UC Davis Health System logo A clinical trial analysis states that as compared to the standard federal diet, a diet enriched with fruits, vegetables, fibers, and low fat reduces the vulnerability of re-growth in early-stage breast cancer survivors. The risk is reduced to roughly 31 percent, in women who didn’t have hot flashes. It’s assumed that, apparently, these patients suffer a higher risk of recurrence and a lower survival rate as compared to the patient’s with hot flashes.

The study team consisted of researchers from the Moores Cancer Center at the University of California, San Diego, the University of California, Davis, and others. These findings are based on the outcome of the original study conducted earlier. The earlier study, the Women’s Healthy Eating and Living Trial (WHEL) evaluated the effects that the two diets had on cancer re-growth in early-stage breast cancer survivors. However, there was no significant difference noticed in both the diet groups.

WHEL principal investigator John P. Pierce, Ph.D., says that, “Our interest in looking at this subgroup came because hot flashes are associated with lower circulating estrogen levels, while the absence of hot flashes is associated with higher estrogen levels. Reducing the effect of estrogen is a major treatment strategy in breast cancer. It appears that a dietary pattern high in fruits, vegetables and fiber, which has been shown to reduce circulating estrogen levels, may only be important among women with circulating estrogen levels above a certain threshold.”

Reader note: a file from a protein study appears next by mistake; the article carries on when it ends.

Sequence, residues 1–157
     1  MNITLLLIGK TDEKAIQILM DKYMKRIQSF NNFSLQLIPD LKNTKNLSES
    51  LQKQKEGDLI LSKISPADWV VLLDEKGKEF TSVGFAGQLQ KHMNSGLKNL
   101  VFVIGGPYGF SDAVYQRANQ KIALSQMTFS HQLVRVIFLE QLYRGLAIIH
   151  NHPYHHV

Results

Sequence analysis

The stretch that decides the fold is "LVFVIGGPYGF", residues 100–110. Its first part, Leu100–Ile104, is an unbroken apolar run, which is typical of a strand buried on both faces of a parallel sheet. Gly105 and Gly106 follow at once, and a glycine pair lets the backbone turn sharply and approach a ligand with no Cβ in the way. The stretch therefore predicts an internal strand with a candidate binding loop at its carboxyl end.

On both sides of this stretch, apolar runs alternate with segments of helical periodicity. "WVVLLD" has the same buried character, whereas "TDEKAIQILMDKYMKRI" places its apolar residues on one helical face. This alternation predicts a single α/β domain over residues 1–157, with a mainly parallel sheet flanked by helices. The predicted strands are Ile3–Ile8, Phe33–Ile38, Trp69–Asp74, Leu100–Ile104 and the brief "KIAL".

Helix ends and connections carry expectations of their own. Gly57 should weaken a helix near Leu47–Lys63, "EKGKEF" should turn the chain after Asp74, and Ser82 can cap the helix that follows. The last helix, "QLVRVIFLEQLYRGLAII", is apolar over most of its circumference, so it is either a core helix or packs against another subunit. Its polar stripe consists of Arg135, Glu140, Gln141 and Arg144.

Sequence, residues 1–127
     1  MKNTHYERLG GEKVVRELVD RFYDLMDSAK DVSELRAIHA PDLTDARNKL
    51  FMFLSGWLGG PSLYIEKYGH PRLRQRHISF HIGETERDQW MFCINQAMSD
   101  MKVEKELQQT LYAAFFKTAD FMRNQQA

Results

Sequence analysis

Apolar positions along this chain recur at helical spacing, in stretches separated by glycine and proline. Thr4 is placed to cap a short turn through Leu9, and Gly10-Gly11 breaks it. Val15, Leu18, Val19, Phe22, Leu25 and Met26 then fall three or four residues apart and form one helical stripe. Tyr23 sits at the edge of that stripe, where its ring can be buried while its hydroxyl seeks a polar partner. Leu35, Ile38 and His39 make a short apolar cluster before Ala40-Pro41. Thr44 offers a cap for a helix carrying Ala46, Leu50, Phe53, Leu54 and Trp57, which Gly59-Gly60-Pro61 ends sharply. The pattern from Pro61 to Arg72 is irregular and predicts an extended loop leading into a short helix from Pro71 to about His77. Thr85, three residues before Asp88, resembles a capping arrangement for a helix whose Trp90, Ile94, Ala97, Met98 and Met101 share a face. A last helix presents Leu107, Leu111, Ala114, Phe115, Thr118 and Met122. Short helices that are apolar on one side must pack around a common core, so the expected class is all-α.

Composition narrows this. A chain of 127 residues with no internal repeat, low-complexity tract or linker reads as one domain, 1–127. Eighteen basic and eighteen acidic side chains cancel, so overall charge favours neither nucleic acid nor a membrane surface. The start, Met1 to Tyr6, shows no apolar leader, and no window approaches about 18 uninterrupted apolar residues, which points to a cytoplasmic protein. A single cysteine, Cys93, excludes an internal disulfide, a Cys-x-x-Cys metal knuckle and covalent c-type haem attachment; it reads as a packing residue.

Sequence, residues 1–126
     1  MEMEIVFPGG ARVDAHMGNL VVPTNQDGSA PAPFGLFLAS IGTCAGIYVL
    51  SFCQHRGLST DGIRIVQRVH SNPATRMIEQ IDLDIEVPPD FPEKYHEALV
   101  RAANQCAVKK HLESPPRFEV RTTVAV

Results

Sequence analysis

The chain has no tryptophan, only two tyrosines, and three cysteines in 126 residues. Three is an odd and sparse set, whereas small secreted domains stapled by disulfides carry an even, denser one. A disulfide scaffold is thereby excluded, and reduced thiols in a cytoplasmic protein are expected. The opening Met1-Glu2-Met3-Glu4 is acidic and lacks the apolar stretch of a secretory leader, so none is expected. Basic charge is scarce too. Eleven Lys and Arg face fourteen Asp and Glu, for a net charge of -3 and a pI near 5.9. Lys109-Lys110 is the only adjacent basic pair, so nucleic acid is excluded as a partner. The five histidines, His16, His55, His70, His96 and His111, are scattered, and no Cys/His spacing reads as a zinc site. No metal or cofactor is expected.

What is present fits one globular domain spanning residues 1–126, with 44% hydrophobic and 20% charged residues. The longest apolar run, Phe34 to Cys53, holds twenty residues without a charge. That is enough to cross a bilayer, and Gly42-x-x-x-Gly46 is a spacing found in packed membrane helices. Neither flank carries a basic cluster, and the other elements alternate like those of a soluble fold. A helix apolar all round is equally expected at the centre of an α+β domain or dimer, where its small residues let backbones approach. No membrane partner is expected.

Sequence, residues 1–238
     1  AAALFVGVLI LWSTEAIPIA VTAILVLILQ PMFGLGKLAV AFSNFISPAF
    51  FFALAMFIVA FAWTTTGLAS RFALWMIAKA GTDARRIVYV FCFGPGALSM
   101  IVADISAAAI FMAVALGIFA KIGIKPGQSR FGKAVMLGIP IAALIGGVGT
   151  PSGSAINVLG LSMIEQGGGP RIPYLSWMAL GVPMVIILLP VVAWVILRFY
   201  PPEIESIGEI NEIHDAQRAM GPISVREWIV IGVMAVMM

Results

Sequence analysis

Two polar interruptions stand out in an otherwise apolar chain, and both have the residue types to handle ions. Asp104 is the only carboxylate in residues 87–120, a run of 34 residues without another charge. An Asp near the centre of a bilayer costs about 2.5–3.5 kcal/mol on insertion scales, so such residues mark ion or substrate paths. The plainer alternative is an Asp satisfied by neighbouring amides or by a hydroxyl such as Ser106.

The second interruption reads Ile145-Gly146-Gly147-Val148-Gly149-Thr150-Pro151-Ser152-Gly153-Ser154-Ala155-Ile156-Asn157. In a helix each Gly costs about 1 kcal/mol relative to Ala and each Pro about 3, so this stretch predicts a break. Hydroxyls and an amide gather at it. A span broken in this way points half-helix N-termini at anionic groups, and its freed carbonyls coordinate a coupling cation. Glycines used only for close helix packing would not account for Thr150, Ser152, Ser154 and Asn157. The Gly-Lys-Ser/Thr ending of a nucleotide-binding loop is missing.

Pierce further says that, there is, supposedly, another explanation as to why the proposed diet could affect only about 30 percent of the studied women in the WHEL study. He says women with estrogen receptor-positive cancers are apparently, often given hormone therapy in order to fight against the effect of the circulating estrogen. It is stated that, the mentioned 30 percent of women, seemed to have a gene-drug interaction that inhibited them from, evidently, getting a dose of this therapy.

Pierce says this assumption states that if the endocrine therapy is effective, then the estrogen levels need not be reduced. He continues that if the genes are coming in the way of the therapy dosage effect then, supposedly, the mentioned dietary pattern may aid in enough reduction of estrogen levels required to reduce the risk.

The study team is believed to analyze the biological samples accumulated throughout the study, in order to examine the, supposedly, protective effects of the mentioned diet.

Their findings are published online in the Journal of Clinical Oncology.